Vitamin E and C show no cardiovascular benefit; vitamin E associated with increased hemorrhagic stroke

November 10, 2008

Neither vitamin C nor vitamin E is effective for primary prevention of cardiovascular events in men, according to results of the Physician’s Health Study II, which evaluated the risk and benefits of both vitamins as well as a multivitamin in preventing cardiovascular disease and cancer. Results relating to cancer prevention will be presented November 17 at the Frontiers in Cancer Prevention Research conference.

Neither vitamin C nor vitamin E is effective for primary prevention of cardiovascular events in men, according to results of the Physician’s Health Study II, which evaluated the risk and benefits of both vitamins as well as a multivitamin in preventing cardiovascular disease and cancer. Results relating to cancer prevention will be presented November 17 at the Frontiers in Cancer Prevention Research conference.

In terms of cardiovascular events, “There were no trends that reached significance, except for an increase in hemorrhagic stroke among vitamin E users that was only marginally significant at p=.02,” reports J. Michael Gaziano, MD (pictured), Chief, Division of Aging, Brigham and Women’s Hospital, and associate professor of medicine at Harvard Medical School, Boston.

More than half of Americans consume vitamin supplements, and vitamins E and C are the most commonly used; previous observational studies in various patient populations have indicated that vitamin E may prevent cardiovascular disease and that vitamin C may reduce coronary heart disease risk.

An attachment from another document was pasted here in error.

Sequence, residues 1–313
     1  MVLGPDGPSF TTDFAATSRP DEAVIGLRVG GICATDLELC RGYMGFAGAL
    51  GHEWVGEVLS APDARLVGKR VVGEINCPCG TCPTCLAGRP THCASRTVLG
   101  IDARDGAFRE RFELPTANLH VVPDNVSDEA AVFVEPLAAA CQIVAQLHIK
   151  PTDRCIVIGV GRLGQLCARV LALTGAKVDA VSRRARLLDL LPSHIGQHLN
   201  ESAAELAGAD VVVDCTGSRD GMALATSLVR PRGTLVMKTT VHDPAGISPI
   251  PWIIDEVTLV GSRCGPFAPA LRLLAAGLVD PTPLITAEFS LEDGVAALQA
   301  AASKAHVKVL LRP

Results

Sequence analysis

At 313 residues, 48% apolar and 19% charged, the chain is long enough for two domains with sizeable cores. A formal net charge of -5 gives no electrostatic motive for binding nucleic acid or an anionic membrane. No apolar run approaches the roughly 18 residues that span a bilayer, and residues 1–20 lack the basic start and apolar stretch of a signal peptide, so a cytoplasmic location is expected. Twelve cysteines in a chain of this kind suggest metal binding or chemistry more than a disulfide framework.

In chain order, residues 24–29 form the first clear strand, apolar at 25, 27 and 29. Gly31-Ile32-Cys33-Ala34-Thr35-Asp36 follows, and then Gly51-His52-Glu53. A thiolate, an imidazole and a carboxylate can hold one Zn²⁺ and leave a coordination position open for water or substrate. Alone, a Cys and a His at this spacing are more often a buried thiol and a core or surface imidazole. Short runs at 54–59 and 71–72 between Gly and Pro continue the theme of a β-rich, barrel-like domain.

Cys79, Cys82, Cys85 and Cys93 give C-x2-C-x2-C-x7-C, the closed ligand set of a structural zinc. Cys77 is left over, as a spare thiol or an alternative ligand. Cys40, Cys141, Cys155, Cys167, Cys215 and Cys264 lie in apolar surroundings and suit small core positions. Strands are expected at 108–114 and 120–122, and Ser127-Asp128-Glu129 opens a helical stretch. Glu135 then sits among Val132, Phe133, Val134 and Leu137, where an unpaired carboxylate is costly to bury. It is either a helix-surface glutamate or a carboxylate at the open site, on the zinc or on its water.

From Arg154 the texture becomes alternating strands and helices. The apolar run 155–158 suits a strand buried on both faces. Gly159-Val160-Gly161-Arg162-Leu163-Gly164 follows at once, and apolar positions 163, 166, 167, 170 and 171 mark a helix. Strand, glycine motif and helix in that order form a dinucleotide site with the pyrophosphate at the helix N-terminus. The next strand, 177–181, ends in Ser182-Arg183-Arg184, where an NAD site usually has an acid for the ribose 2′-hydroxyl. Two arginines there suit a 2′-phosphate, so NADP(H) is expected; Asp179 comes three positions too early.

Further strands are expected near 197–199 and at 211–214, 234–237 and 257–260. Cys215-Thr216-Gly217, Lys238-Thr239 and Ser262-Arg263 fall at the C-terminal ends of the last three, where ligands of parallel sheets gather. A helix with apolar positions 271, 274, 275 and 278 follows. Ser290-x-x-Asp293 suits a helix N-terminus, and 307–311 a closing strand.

The Physician’s Health Study II was a double-blind, placebo-controlled, factorial design trial including 14,641 physicians, mean age 64. “This was a very healthy population,” Dr. Gaziano notes. Mean body mass index was 26 kg/m2, less than 4% were smokers, 61% exercised more than once weekly, 77.4% used daily low-dose aspirin therapy, 42% had a history of hypertension, 37% had a history of high cholesterol, and only 6% had a history of diabetes.

Study participants were first randomized to receive 400 IU vitamin E every other day or placebo, and both active treatment and placebo groups were additionally randomized to receive 500 mg vitamin C daily or placebo. The primary endpoint was a composite of nonfatal myocardial infarction, nonfatal stroke, and cardiovascular death. There were 1,245 confirmed major cardiovascular events during the mean follow-up of 8 years with no difference between placebo groups and those taking vitamin E or C. There was no effect of vitamin use on overall mortality, although vitamin E was associated with an increased risk of the secondary endpoint of hemorrhagic stroke (HR 1.74).

The multivitamin arms of the Physician’s Health Study II will continue for an additional 3 years, Dr. Gaziano reports.

“This was a high-quality, long-term nutritional trial, and we don’t have many of these; they are essential to help us understand what to tell people to do and not to do,” says Barbara V. Howard, PhD, Medstar Research Institute, Hyattsville, Md. While the Physician’s Health Study II included only Caucasian men, smaller trials with vitamin E have not shown a gender difference.

“We do need data in other racial groups, but it is very unlikely there will be differences. The other issue that will be raised is the type of formulation,” Dr. Howard says. “I think most nutritionists would feel that it is highly unlikely that you could suddenly find a specific vitamin formulation that would be beneficial.”